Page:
The brain controls everything we say, do, think and feel. A BRAIN INJURY can result from a motor vehicle accident, a fall or stroke.  In fact anything that disrupts the function of the brain can result in a brain injury.

Up to 40% of people with brain injuries or strokes experience vision-related disorders even when their eyes are unharmed. This is because the eyeball and its structures are usually not affected in a brain injury but the brain connections and nerves that control vision are easily disrupted.

Some of the symptoms following brain injury can include:

Double vision

Reduced field of vision


Loss of balance

Light sensitivity

Dry eyes

Feeling overwhelmed in new or busy environments

These symptoms turn everyday tasks into a challenge. An affected person may lose their ability to drive, struggle to read and lose their eye-hand coordination. In fact, brain injury has been called the “silent epidemic” because public awareness of brain injury is extremely low despite the staggering number of people who are injured each year.



Our brain is like complex computer that stores information throughout our lifetime. It is a library of facts, memories and experiences. A Cortical Vision Impairment (CVI) is a is a vision impairment as a result of a large, wide-spread brain injury such as a hypoxic event (lack of oxygen to the brain). A CVI can also result from severe infection, pre-term birth, growth abnormalities as well as accident or physical trauma.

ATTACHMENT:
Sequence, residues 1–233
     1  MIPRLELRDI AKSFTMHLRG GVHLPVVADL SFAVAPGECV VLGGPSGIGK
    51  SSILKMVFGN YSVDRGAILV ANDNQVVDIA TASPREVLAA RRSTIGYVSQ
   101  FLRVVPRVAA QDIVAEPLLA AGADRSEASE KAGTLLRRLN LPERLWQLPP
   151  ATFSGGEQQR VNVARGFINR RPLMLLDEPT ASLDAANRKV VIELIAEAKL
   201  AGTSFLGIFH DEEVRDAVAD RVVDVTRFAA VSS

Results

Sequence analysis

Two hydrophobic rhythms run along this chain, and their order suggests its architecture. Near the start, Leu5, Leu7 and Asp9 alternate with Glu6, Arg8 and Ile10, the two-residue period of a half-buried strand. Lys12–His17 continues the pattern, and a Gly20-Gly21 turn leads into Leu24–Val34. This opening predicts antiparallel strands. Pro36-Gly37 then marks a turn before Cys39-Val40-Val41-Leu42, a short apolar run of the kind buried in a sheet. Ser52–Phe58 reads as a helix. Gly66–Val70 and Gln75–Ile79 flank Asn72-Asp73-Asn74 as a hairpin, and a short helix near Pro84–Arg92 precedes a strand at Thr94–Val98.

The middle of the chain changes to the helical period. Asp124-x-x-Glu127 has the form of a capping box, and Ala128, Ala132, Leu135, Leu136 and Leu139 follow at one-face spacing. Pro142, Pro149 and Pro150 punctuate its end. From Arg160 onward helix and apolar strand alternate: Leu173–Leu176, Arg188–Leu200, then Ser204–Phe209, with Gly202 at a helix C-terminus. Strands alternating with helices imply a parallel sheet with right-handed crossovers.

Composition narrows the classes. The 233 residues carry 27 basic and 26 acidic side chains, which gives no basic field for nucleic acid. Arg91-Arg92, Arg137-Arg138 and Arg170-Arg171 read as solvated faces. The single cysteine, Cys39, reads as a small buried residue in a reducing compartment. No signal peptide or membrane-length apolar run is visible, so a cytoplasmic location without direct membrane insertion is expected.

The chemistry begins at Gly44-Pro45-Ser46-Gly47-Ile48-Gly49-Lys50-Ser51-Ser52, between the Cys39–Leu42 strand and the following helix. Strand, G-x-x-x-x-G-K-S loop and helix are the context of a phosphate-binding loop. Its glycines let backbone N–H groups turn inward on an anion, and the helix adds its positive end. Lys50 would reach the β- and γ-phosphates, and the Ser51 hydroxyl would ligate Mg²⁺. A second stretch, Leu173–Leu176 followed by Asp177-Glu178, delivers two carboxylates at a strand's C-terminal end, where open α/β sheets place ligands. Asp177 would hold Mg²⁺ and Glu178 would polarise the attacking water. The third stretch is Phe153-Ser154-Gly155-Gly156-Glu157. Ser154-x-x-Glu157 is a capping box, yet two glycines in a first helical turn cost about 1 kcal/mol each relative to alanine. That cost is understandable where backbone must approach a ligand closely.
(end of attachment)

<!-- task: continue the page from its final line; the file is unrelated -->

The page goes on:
Traditional vision impairments occur due to problems with the eyes. A person with CVI may have both an eye impairment as well as an affected brain. Oftentimes the eyes may be completely normal while the brain struggles to interpret and make sense of images seen. This is because the brain regions necessary for vision have been damaged.  

When these vision centers of the brain are affected, visual information is chaotic, confusing and does not make sense. The child sees a kaleidoscope of vision and colour. Because visual information is confusing and overwhelming, these children tend to “switch-off” and stare at lights.

With motivation, time and effort on the part of carers, CVI individuals can be assisted in seeing. It is important for parents and carers to remember that people with CVI need to learn how to use and interpret visual information. Certain visual areas have been damaged or affected in patients with CVI but new connections can be made. When the visual world is made simpler and more accessible, learning and progress can take place. Huge improvements through the various phases of CVI can take place with the correct interventions.


Brain injuries are traumatic and overwhelming for patients and their families. The good news is that there are tools and strategies that can help.  Eyetek is part of NORA, an international Neuro Optometric Rehabilitation Association, (NORA), a group of committed individuals from various disciplines whose focus is on advancing the art and science of rehabilitation for the neurologically challenged patient.

During a Neuro-Optometric Evaluation at Eyetek Weltevredenpark and Illovo, we use various techniques and strategies to assist patients with a wide variety of vision problems after a neurological insult.